One of the big leaders in buying up and scaling third-party merchants selling on Amazon and other marketplace platforms is announcing a major round of funding today as it continues to expand its ambitions. Thrasio, the Boston-based startup, has closed an all-equity Series D of over $1 billion — a huge infusion in cash that it will be using to continue buying up more companies as well as to expand internationally. It said that it’s currently on a rate of buying 1.5 businesses per week and now has some 200 brands in its portfolio.
Silver Lake and Advent International led the round, with Advent remaining the company’s largest shareholder. Upper90, funds managed by Oaktree Capital Management, L.P., PEAK6 Investments and Corner Capital — all previous backers — were also in the round.
Thrasio has confirmed to me that the valuation is between $5 billion and $10 billion but declined to get more specific. As a marker of where it was prior to this round, in April of this year, when it raised $100 million, Thrasio was valued at $3.7 billion. Just on a straight added-capital basis, that would put its valuation at close to $5 billion, but the company also notes that it has been seeing accelerated growth — the number of brands under its wing has doubled since then to 200 — so very likely some ways higher than that. Current brands include Angry Orange pet deodorizers and stain removers, SafeRest mattress protectors and ThisWorx car cleaning and detailing products.
The company, founded in 2018, has now raised $3.4 billion, including a $650 million debt round earlier this year.
Thrasio is one of the pioneers of the modern “roll up” player, and its traction, along with the wider opportunity in the market, has spawned dozens of other startups around the world building businesses replicating its model that have collectively raised hundreds of millions of dollars in equity and debt to build out their businesses. Other recent fundings in the space have included Heroes, which raised $200 million in August; Olsam ($165 million); Suma Brands ($150 million); Elevate Brands ($250 million); Perch ($775 million); factory14 ($200 million); as well as Heyday, The Razor Group, Branded, SellerX, Berlin Brands Group (X2), Benitago, Latin America’s Valoreo and Rainforest and Una Brands out of Asia.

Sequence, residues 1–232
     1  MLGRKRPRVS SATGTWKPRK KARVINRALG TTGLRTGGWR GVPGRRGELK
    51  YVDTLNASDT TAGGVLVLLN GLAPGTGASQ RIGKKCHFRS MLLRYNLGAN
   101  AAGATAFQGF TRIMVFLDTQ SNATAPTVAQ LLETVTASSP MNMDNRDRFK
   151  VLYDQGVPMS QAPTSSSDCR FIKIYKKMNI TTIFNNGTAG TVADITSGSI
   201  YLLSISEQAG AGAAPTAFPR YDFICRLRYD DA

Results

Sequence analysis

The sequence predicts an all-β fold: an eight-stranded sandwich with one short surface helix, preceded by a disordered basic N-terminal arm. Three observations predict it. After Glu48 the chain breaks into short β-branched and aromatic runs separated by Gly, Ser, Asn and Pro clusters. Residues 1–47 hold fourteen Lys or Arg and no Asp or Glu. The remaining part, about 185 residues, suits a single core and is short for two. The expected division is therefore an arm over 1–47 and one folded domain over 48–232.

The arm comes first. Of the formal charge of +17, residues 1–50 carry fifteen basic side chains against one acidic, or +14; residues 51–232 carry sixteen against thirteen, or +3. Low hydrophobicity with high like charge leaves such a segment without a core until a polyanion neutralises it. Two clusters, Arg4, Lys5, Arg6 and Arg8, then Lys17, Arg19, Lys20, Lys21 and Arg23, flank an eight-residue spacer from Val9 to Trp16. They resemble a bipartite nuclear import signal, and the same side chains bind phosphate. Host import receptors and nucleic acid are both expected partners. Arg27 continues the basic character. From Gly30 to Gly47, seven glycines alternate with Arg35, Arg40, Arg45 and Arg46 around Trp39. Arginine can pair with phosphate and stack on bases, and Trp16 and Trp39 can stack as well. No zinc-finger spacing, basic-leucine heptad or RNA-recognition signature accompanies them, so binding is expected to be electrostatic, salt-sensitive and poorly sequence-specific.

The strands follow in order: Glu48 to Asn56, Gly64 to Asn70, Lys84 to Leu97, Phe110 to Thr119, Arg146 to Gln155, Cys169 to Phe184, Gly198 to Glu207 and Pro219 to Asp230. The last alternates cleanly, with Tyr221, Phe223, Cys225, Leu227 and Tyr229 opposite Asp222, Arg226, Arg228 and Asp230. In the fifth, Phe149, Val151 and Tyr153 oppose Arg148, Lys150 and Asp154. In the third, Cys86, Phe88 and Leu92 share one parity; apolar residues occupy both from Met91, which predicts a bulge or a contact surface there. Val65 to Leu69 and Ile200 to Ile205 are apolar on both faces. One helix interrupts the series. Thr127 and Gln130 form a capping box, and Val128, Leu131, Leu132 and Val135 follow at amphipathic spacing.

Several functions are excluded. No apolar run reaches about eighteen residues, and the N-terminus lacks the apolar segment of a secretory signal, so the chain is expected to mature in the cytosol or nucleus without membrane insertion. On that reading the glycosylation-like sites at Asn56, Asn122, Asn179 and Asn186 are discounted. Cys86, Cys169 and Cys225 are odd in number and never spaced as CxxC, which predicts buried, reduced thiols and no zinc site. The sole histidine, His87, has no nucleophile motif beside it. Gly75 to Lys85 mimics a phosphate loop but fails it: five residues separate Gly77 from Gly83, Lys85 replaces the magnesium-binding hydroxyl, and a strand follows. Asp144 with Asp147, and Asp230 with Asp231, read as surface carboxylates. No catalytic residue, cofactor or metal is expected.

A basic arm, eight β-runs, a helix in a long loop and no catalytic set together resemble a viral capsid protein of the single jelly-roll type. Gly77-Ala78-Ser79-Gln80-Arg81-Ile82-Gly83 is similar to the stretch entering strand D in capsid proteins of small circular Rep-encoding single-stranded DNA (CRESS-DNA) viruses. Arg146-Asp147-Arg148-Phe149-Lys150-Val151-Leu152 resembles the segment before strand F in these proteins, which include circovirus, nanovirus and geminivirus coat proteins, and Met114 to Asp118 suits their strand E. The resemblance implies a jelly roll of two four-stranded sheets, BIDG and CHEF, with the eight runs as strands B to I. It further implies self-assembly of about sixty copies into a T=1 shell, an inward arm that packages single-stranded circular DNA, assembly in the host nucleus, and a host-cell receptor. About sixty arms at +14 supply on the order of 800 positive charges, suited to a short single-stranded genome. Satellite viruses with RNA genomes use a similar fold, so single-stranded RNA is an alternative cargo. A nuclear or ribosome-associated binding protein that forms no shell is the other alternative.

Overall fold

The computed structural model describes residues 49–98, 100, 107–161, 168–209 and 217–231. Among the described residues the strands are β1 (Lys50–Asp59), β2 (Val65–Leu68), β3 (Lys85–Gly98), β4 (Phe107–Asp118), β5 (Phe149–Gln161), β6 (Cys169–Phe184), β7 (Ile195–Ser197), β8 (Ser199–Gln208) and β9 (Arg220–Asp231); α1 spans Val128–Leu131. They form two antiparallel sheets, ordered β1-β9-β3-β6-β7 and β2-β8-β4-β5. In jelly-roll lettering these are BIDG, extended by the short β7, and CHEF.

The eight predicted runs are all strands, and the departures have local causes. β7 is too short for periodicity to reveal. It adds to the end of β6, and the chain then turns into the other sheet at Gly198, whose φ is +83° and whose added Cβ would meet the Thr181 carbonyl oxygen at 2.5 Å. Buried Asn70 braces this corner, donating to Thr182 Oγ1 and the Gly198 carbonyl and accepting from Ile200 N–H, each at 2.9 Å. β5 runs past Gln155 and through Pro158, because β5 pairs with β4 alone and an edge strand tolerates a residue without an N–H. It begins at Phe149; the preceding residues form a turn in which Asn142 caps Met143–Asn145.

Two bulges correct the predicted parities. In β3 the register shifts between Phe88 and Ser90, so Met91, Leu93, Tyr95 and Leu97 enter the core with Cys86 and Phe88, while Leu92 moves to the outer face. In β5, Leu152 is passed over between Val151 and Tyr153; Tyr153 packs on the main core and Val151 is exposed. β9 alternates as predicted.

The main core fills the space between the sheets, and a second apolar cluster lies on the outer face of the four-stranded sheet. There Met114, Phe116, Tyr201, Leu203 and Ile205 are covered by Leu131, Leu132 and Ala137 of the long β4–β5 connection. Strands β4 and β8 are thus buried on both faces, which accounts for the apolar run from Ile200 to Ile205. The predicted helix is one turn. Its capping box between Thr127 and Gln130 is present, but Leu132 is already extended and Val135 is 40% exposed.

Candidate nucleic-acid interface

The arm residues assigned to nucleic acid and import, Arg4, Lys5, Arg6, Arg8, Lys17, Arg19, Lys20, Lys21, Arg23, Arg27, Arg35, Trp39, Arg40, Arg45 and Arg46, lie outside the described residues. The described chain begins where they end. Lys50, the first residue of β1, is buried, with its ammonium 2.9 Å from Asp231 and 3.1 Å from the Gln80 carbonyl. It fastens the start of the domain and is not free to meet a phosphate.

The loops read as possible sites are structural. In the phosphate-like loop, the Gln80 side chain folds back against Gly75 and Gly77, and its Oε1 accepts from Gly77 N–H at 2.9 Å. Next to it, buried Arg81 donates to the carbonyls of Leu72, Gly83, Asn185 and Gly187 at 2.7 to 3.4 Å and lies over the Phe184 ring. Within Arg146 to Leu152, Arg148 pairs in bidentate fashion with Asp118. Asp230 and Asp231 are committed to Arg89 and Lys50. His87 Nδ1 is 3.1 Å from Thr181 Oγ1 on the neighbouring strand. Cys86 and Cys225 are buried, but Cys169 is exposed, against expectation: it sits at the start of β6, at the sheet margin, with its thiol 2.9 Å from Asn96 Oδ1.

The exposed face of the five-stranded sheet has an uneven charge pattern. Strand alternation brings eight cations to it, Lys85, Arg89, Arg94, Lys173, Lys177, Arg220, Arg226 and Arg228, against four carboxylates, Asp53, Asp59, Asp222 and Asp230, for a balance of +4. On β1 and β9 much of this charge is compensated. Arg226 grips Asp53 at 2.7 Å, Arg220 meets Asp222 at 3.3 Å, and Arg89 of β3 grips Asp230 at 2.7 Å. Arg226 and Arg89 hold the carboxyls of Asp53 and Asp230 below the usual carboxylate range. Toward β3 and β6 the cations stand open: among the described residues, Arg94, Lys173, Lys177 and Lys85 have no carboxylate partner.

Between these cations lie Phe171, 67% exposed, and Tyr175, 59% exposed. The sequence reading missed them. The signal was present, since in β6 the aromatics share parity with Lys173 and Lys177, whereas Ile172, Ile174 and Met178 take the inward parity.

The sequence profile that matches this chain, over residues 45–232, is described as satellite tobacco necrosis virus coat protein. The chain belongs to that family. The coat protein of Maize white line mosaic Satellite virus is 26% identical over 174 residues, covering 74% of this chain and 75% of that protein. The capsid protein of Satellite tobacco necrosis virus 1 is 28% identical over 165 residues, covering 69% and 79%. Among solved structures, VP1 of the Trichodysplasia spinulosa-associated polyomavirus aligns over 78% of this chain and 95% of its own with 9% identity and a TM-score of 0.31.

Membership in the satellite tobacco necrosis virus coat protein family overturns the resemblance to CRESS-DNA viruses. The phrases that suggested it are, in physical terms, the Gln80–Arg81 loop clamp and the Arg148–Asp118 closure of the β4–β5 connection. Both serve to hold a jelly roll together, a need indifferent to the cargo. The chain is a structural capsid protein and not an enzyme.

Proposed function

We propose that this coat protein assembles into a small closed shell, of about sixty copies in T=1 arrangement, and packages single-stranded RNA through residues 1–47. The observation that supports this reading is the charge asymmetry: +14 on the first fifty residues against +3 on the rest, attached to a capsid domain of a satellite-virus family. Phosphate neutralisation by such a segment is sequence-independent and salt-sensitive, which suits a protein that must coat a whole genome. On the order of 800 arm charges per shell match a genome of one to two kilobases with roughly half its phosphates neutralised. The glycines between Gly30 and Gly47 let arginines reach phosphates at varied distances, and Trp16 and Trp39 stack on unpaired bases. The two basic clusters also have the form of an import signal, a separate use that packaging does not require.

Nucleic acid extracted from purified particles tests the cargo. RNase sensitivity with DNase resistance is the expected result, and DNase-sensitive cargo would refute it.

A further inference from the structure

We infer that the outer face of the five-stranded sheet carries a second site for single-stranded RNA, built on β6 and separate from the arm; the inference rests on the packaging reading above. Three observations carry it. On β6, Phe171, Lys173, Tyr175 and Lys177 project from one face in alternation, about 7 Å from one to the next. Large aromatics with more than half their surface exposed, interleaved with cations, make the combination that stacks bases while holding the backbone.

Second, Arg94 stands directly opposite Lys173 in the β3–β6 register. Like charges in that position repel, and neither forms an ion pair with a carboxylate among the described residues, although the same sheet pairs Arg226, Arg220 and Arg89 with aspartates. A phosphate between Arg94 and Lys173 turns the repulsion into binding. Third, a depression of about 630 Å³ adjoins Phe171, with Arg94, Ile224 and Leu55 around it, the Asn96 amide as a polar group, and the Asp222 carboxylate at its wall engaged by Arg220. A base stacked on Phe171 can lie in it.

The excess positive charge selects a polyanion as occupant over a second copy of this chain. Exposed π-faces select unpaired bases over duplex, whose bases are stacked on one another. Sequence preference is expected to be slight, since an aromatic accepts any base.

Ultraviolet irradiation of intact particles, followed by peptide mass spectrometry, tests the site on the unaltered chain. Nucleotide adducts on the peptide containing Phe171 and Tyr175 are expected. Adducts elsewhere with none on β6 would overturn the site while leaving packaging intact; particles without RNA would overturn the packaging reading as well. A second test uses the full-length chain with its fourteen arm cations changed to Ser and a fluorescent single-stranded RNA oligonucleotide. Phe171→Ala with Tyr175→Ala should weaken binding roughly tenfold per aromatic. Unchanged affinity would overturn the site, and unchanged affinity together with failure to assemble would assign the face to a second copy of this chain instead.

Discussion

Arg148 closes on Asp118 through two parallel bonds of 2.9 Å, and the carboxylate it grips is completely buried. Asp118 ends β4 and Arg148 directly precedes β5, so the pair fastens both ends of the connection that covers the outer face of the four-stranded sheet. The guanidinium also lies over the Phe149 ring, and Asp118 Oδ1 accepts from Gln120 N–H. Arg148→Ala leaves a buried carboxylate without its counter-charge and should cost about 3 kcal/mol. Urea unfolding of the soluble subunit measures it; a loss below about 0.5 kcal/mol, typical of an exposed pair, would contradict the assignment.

One of the reasons it has raised so much in this round is to better target that global opportunity. Thrasio already has operations in the U.K., Germany China and Japan and the plan is to expand that further, both as a means of finding more companies to gobble up, but also to expand its wider supply chain.
That wider opportunity, meanwhile, remains a large one despite how crowded the market is getting. By various estimates there are between 5 million and 10 million third-party merchants selling on Amazon alone, leveraging the e-commerce giant’s giant audience of shoppers and its Fulfillment by Amazon platform for delivery and other distribution logistics to cut down the operational costs and inefficiencies of building a direct-to-consumer business from the ground up. Thrasio’s co-founder Josh Silberstein (who stepped away as co-CEO a couple of months ago) told me earlier this year that Thrasio estimates that there are around 50,000 businesses out of those that make more than $1 million in revenues annually, so the tail of what is out there in terms of size is very long.
Thrasio is building out a bigger economy of scale play around that basic model, and in some cases replacing some of the Amazon components with scale of its own, which — the theory goes — only improves as it grows. That includes sourcing for products (as well as wider supply chain challenges), analytics both to source the more interesting companies to buy up as well as to market those products once under the Thrasio wing, even its own fulfillment technology. It is also increasingly looking at opportunities to build sales and customer relationships outside of the Amazon ecosystem, using other marketplaces, other sales channels and in some cases direct-to-consumer plays.
(And that analytics engine for sourcing potential acquisitions is working hard: Thrasio says that it has “evaluated” some 6,000 businesses overall.)
“Our business is getting better as it gets bigger, and these investments will be invaluable as we continue on that path,” said Carlos Cashman, the other co-founder and CEO of Thrasio, in a statement. “Advent and Silver Lake both have phenomenal track records of building successful global businesses, and the additional funds from existing investors including Upper90 and PEAK6 are extremely rewarding votes of confidence in a crowded space.”
“Thrasio created the Amazon aggregator category, and their innovative approach and impressive growth have brought a lot of attention to this space,” said Greg Mondre, co-CEO, and Stephen Evans, managing director, of Silver Lake, in a joint statement. “We believe Carlos Cashman and his team are well positioned to accelerate their growth and build the preeminent next-generation, technology-driven consumer goods company. We’re excited to partner with Carlos, his team and the existing shareholders as the company enters the next phase of growth.”
“Thrasio has quickly established itself as the largest e-commerce aggregator globally, and we are thrilled to strengthen our partnership with Carlos and his team, in addition to welcoming Silver Lake as a new investor,” added David Mussafer, chairman and managing partner and Jeff Case, managing director, of Advent International. “Thrasio is well positioned for further success, and we look forward to working with the company as it continues to scale.”
Updated to note that Silberstein is no longer co-CEO.